Iraq

Opposing Violence Against Women Remarks by SRSG Jeanine Hennis-Plasschaert, Baghdad

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Excellencies,
Ladies and gentlemen,
Distinguished guests,

It is an honour to address you, and I would like to thank the Al-Hakim Foundation for having gathered us here today.

The 13th Islamic Day for Opposing Violence Against Women provides a timely opportunity for local and international stakeholders to reaffirm our shared commitment to the eradication of violence against women in all its forms.

With the elections, now less than one month away, I will - if you allow me - focus my remarks on electoral violence against women.

As we all know: violence against women is often most acutely felt in the home, and the COVID-19 pandemic has unfortunately amplified this phenomenon.

But we regrettably also find intimidation, aggression and violence against women in the political sphere. This is the case in too many countries and regions across the world. Also, in Iraq. The fact is that women face multiple challenges when they seek to exercise their political and electoral rights.

Gender-based violence in politics and elections ranges from, for instance, the escalation of harassment; intimidation; sexual, psychological and physical violence as well as gender-biased scrutiny by the public and the media.

While the numbers indicate a moderately encouraging level of Iraqi female participation in the October-elections, with women representing close to 30% of confirmed candidates, past and present experiences on the ground tell us that lots of work is ahead of us.

Not only to ensure the elimination of all existing barriers for women to realize their political rights, but also to achieve a better gender balance in decision-making positions. Let’s face it: very few women make it as a mayor or governor, let alone as head of state or government.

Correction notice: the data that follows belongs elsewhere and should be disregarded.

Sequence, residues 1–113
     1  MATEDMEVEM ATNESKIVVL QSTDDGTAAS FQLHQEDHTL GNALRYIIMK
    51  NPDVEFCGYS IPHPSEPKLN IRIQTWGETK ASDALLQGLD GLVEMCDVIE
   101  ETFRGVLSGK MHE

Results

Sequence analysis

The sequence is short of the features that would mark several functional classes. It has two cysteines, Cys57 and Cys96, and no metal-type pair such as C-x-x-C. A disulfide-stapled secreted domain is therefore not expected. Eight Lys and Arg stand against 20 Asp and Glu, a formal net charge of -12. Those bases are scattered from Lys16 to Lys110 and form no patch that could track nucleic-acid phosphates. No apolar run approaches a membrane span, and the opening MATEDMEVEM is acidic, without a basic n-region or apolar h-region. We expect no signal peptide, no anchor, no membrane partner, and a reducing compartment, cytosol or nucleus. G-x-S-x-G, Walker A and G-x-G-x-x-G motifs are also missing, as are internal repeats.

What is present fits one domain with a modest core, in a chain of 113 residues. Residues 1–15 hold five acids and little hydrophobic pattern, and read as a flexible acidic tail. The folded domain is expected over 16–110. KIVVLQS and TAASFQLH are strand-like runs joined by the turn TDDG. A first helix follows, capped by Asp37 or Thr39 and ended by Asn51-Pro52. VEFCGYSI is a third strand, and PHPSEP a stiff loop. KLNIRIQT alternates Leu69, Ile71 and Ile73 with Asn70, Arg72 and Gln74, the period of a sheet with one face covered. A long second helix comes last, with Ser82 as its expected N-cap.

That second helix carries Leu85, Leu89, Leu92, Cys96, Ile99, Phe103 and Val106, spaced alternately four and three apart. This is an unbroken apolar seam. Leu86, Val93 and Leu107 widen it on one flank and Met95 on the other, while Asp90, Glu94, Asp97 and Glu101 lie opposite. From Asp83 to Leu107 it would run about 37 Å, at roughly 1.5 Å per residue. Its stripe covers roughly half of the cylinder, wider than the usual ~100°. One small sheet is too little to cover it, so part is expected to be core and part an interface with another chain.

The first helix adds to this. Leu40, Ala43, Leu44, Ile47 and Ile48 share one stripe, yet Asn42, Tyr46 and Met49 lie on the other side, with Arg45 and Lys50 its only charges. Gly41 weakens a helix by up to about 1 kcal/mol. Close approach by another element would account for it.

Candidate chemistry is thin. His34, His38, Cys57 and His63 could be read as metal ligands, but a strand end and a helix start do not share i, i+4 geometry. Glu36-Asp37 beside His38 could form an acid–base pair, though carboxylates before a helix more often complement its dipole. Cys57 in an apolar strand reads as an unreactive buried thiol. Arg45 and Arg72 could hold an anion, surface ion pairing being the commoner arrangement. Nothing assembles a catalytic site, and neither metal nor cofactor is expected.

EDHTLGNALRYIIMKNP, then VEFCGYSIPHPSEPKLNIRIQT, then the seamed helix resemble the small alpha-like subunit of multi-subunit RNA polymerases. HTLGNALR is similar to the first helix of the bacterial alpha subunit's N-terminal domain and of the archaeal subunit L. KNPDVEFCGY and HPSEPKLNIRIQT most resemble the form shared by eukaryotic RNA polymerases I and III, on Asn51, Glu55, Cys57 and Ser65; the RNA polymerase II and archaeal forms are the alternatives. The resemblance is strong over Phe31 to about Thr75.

Hence, raising awareness is of great importance. And even more important: the prevention of violence against women in politics and elections.

While using the word “violence”, one often immediately thinks of the intentional use of physical force. Understandably so. But violence in fact takes many subtle forms.

Yes, certainly, all kinds of overt and explicit threats, but also implicit threats of social exclusion and rejection. All of this with the intention to degrade, demoralize or shame the woman in question. It can happen at home, in the community, in public and online.

Too often these kinds of acts are downplayed. But let it be clear: such acts deter women from considering seeking office, from voting for or against a certain candidate. And there is no denying it: threats, implicit or explicit, often precede physical or sexual violence.

Having said all this, I would also like to take this opportunity to welcome recent important steps taken by Iraqi authorities:

For instance, the Government of Iraq, through its Directorate of Women’s Empowerment, the Office of the National Security Advisor and the Independent High Electoral Commission, has taken steps to raise awareness on elections-related security, and on the procedures in place for female candidates.

Last month, the Supreme Judicial Council issued new guidance on reporting violence against women in elections: Now, women voters and candidates can directly approach judicial investigators instead of having to first go through the police.

Also, the Ministry of Interior has activated two free telephone hotlines to handle complaints from women candidates who have been exposed to any kind of harassment and violence. UN Women is training and supporting the employees who staff these hotlines.

However, much more needs to be done in order to remove the barriers to women’s full participation in political life.

This includes, inter alia, a clear commitment by all political stakeholders to promote and protect the full and equal rights of women voters, campaigners and candidates. And this also includes the nomination of more female ministers than the two out of 22 currently in office.

Now, in our recent meetings with civil society groups and women’s rights defenders, it was made clear that security concerns remain a key issue for female voters, campaigners and candidates.

I can therefore not overstate the importance of institutionalizing the work around enhancing security for women in politics and elections. And yes, of course, we strongly urge all political parties and candidates to embrace and adhere to the Elections Charter of Honour.

Ladies and gentlemen, in closing, let me emphasize: a society can never be safe unless all its citizens are safe, inside their homes as well as in the community and public sphere. If the voices of half of Iraqis are muffled, the entire representative basis of democracy will be undermined.

Let us therefore renew our commitment to the eradication of violence against women in all its forms. And let us build a political and electoral environment that welcomes and protects all, women and men alike.

Thank you.